- Desensitisation (if necessary). Many children with autism have tolerance issues. These may differ from one child to another, ranging from flashing lights, environmental factors in the location, crowd, unfamiliar faces, etc. A proper desensitization plan will need to be planned out to address the tolerance issue. Systematically and gradually desensitize your child to each element.
- Practice. Your child will need to practice staying with an adult in different locations (i.e. beginning at home, in the porch, and systematically and gradually build the steps until it can be practiced in the community). This gradual transition should only be considered once success is observed across a few attempts.
HAVE A BACKUP PLAN
- Have a Behaviour Plan and brief the whole family on this plan. At EAP, our Behaviour Plan includes Teaching Strategies, Preventative Strategies and Reactive Strategies. The above points outline all the teaching and preventative strategies.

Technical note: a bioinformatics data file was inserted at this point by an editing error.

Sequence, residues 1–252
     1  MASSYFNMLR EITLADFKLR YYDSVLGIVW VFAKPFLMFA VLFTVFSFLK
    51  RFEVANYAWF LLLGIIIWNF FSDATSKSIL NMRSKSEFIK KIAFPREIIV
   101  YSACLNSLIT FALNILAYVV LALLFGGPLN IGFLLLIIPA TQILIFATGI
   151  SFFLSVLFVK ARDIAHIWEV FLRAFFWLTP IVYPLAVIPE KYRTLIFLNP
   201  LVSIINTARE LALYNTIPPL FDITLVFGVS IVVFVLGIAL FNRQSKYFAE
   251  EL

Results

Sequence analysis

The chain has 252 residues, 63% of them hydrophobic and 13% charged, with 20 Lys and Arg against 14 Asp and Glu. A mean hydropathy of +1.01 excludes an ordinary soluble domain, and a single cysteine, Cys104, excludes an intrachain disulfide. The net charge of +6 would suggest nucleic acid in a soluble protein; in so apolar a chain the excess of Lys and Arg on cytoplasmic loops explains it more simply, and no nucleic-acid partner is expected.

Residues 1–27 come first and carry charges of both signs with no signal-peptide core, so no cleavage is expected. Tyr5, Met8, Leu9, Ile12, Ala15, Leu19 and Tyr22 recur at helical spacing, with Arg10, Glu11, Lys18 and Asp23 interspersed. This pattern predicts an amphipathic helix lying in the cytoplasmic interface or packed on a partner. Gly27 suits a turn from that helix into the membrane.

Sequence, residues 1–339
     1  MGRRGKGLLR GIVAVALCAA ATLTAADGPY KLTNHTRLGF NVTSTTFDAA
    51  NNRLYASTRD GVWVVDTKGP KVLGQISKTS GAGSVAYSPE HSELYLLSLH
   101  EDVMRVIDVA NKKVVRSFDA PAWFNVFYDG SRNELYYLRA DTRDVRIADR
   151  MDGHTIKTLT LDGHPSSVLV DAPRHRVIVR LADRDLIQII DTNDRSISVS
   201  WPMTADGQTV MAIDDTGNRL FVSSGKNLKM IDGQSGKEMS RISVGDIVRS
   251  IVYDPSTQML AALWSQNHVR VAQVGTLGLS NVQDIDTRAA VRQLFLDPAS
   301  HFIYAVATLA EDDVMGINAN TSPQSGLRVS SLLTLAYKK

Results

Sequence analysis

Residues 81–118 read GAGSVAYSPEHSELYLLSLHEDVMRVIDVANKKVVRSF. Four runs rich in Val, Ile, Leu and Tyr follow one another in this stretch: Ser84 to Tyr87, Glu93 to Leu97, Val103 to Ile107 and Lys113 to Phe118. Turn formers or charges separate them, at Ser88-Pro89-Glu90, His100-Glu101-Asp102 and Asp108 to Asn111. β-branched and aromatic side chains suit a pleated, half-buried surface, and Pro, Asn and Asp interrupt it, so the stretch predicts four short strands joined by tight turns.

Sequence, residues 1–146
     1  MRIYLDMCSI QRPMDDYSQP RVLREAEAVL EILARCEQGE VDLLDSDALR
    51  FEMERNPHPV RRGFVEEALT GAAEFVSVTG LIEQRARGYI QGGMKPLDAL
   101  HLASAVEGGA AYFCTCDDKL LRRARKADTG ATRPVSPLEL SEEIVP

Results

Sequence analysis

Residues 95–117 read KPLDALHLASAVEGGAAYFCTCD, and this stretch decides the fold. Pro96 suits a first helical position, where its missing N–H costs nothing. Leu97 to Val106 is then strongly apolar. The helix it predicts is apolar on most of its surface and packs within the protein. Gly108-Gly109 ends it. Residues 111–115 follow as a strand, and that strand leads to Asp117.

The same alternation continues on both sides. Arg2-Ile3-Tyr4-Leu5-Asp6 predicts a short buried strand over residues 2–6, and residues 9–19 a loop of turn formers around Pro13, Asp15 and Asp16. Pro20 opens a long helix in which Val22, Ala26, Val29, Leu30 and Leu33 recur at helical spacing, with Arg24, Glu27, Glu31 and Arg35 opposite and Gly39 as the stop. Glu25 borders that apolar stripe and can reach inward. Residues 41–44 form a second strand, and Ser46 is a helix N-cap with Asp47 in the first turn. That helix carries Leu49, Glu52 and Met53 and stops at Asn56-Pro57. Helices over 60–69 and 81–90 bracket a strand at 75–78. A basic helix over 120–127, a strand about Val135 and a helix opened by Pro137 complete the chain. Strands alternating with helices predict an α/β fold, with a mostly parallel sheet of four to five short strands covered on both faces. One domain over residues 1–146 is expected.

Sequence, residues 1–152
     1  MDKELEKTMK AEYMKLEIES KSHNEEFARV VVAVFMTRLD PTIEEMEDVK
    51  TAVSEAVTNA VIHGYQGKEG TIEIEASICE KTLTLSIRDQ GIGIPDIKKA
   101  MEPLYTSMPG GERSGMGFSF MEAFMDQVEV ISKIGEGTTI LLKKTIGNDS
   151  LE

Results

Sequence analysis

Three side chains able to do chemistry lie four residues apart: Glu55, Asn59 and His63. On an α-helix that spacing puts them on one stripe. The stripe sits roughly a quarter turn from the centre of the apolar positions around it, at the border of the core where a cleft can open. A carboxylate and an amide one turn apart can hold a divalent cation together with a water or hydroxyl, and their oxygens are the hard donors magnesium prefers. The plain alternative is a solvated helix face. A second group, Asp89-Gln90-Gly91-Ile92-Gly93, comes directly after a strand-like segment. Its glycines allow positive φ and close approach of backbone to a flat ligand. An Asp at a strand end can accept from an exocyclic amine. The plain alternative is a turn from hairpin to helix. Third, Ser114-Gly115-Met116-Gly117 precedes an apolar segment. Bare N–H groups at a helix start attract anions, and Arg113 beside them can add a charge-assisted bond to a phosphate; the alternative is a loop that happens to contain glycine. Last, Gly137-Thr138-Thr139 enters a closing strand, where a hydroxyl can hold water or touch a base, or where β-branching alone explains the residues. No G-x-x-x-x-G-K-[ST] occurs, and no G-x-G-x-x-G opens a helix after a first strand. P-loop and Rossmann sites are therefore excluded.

- As for Reactive Strategies, have a space where your child is able to go to to calm down, as well as successful activities to be redirected to if they get overwhelmed with environmental factors like crowds.
- Be prepared for unexpected events like a carnival at the park you’ve chosen to attend. Such unpredictability will impact your child’s overall success. Be prepared to change your plan for family time. If this is required, revert back to a safe and familiar place and communicate the change and expectations clearly to your child.
- If it reaches a point where the family time needs to be rescheduled entirely, be prepared to do so, however do not give up. Reflect on the day and the expectations and what changes can be made to make this process more successful.
- An additional safety measure would be to use a handgrip attached to your child’s wrist and yours. This would be a last resort should it be too overwhelming for your child.
The above ideas are some of the basic guidelines to help assist your child to stay with you when the family is out in the community. As each child with autism is different, these suggestions will need to be individualized to further meet the different requirements of each child.
We wish you the very best in planning and having a great and SAFE family time! Please do not hesitate to contact us at 20940421 or at firstname.lastname@example.org should you need anymore assistance.